Wednesday, July 17, 2019
Convelo Therapeutics, Inc., a biotechnology company with a mission to discover a new class of medicines that regenerate the protective myelin coating around nerve cells, has entered into an exclusive worldwide collaboration with Genentech, a member of the Roche Group, to accelerate discovery and development of novel remyelinating medicines for patients with neurological disorders such as multiple sclerosis (MS).
The collaboration will build on the remyelinating targets and proprietary screening platform developed by Convelo’s scientific founders Drs Paul Tesar and Drew Adams. Convelo and Genentech will collaborate to discover novel remyelination therapies for MS and other myelin disorders. Convelo will receive an undisclosed upfront payment and research support from Genentech. Genentech retains an exclusive option to acquire all outstanding stock of Convelo for an additional undisclosed payment and downstream milestones.
“We are excited to be working with Genentech to discover and develop first-in-class therapies for patients suffering from diseases driven by myelin loss such as multiple sclerosis,” said Derrick Rossi, Ph.D., Chief Executive Officer of Convelo. “This partnership combines the strengths of our two organizations to potentially bring new medicines to patients.”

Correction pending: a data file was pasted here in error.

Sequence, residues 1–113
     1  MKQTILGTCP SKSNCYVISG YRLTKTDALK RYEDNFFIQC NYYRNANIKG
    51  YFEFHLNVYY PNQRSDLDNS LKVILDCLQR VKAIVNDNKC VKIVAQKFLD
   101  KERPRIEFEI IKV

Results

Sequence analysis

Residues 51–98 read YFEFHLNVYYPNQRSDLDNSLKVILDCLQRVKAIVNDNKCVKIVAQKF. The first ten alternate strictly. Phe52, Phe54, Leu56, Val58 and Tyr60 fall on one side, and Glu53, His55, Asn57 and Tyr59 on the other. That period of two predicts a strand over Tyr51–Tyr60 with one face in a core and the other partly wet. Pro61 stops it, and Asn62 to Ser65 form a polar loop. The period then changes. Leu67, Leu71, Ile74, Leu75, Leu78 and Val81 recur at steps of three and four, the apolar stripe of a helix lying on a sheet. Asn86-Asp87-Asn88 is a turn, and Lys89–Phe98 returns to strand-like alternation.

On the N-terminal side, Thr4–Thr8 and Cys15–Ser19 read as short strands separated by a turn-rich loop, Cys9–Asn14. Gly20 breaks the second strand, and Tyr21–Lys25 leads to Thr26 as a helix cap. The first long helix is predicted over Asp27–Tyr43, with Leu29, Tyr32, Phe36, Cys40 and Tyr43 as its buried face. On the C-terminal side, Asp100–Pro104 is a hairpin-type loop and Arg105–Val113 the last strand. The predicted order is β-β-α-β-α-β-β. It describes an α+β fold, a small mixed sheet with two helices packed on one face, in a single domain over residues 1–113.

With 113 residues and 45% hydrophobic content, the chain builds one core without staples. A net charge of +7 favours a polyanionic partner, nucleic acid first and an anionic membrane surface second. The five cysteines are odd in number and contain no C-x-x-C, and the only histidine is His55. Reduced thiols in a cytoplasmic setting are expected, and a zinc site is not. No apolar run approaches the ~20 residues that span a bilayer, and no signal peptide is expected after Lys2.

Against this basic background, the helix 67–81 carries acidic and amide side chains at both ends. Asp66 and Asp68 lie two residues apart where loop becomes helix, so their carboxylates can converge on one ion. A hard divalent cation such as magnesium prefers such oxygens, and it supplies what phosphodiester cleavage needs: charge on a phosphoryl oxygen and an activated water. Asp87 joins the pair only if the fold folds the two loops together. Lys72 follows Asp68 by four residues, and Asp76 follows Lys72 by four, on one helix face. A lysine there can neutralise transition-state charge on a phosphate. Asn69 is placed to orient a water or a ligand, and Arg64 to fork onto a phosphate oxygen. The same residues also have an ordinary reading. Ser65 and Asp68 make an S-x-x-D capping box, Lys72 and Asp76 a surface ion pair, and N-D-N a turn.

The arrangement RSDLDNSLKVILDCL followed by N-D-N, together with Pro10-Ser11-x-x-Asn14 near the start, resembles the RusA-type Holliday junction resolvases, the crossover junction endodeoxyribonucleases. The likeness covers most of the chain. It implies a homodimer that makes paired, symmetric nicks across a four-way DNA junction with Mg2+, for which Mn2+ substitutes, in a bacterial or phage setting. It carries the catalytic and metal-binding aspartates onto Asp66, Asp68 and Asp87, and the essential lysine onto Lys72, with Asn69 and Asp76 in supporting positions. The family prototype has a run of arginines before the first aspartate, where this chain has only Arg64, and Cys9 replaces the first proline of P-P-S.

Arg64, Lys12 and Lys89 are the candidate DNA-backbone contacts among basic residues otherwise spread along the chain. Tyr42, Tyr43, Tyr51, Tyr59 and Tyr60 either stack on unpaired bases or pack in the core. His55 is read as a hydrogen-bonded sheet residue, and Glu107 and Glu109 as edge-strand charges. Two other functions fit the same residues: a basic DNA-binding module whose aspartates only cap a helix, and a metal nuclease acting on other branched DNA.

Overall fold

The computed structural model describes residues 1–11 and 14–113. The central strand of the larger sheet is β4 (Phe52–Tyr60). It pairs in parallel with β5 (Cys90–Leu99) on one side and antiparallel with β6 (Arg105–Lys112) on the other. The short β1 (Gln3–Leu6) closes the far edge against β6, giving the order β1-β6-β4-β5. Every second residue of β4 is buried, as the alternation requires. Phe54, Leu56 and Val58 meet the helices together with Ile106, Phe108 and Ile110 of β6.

Tracy Saxton, Convelo’s Chief Business Officer added, “This collaboration is an important milestone in our company’s growth and enables us to execute on our corporate strategy.”
“There have been important treatment advancements for people living with multiple sclerosis, but many still experience disability progression,” said James Sabry, M.D., Ph.D., Global Head of Pharma Partnering, Roche. “Novel medicines that regenerate the myelin around nerve cells could help address this significant need. We look forward to collaborating with Convelo to hopefully deliver new options to people with multiple sclerosis and other neurological disorders.”
MS is a severely debilitating and progressive neurological disorder affecting nearly one million Americans and millions more worldwide. MS is caused by the immune system aberrantly destroying myelin in the central nervous system, which results in patient disability. Currently approved therapeutics are focused on preventing additional myelin damage by modulating the immune system, but there are no approved therapies that tackle the unmet clinical need to promote myelin regeneration.